In the past few days, I have finished four different books (some already started, some started this week). Three of those four books were finished today, and one I’d only started today. My mind is a jumble of meaningless inner monologues, kicked into the highest gear of Writer’s Overdrive as if I’m narrating my own life the way Eddie Adams, the main character of The Chalk Man (my most recent read) did.
I’m not sure what compelled me to read this much, or if it was anything in particular, but I realized today that I’m jumping from story to story like some directionless madwoman, drunk on each new tale, each new spin of characters and situations. There may be no real rhyme or reason behind my sudden urge to devour an onslaught of books (some great in their stories, some average) in less than a week, but I somehow feel like it says something about my current mental state. I did always lean toward escapism.
The strangest part of this, however, is my avoidance of series. And this hasn’t been a recent thing, either. The realization I was leaning toward standalones sort of just culminated in the past few days of me jumping from book to book, leaping over literary cliffs before running up the hills to another, larger one sporting colder waters below.
A good friend of mine recommended this series to me recently—well, recommended might not be the best word. She bought me the books, a duology, and told me to read them; I didn’t mind this, though. Books were always a welcome gift for me, and I was excited to dive into this world she seemed to love so dearly. In fact, the first book, Six of Crows, was so good I finished it in two days. (It wouldn’t have taken as long if it weren’t for work, but life has a tendency to infringe on my reading time.)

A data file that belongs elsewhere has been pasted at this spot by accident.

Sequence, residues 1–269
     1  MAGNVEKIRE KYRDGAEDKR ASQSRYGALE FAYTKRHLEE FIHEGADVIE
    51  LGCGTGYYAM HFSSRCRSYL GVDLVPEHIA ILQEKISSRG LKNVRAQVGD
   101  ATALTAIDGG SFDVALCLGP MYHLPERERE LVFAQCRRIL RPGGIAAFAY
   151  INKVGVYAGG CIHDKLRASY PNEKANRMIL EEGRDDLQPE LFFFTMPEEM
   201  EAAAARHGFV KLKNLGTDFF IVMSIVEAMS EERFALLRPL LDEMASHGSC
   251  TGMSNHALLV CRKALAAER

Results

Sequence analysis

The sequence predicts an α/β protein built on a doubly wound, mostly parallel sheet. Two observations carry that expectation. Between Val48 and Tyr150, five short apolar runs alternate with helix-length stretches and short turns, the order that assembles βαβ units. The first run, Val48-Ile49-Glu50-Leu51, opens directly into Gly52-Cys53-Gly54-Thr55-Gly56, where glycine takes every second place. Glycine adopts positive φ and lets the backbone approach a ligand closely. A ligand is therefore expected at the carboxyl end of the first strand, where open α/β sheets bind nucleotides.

Then came time to start the second book, the finale of the series, and I hesitated.
In fact, I did more than hesitate. I stalled. I read other books in between, burning through Kristen Ritter’s Bonfire and Naomi Alderman’s The Power in a couple days, ignoring the bright red book on my nightstand that gave me an accusing glare any time I glanced at it before picking up yet another novel.
There was nothing wrong with the Six of Crows series. I loved it, really. I loved the setting, the characters, the writing style, everything, so that had nothing to do with my avoiding it. Rather, it was strangely hard for me to bring myself to sit down and rejoin characters and a story I already knew. I needed the rush of a fresh start, the adrenaline that comes with diving into a new world and new characters, something like Riley Sager’s Final Girls or Emily Henry’s A Million Junes—a standalone novel that I could read and then shove back onto my shelf, marking another from the TBR pile as I raced to new, unexplored heights.
I’m not sure when this started, but thinking back on it now, it’s been a long time since I actually read a book series. The last one I tried was The Witcher series since I loved the video games so much, and though I tore through the first book, The Last Wish, rather quickly, the second has stagnated on my shelf since fall of my senior year, nearly a year ago—much like myself since graduation, stagnating.
I haven’t stuck with a series I can remember since The Legend of Drizzt, back when I was fifteen and read that series like it was religion, buying the next one at Barnes & Noble the moment I neared the end of the previous one. I still have every single one of that chronicle, lined up neatly on my white shelves, from book one to book thirteen.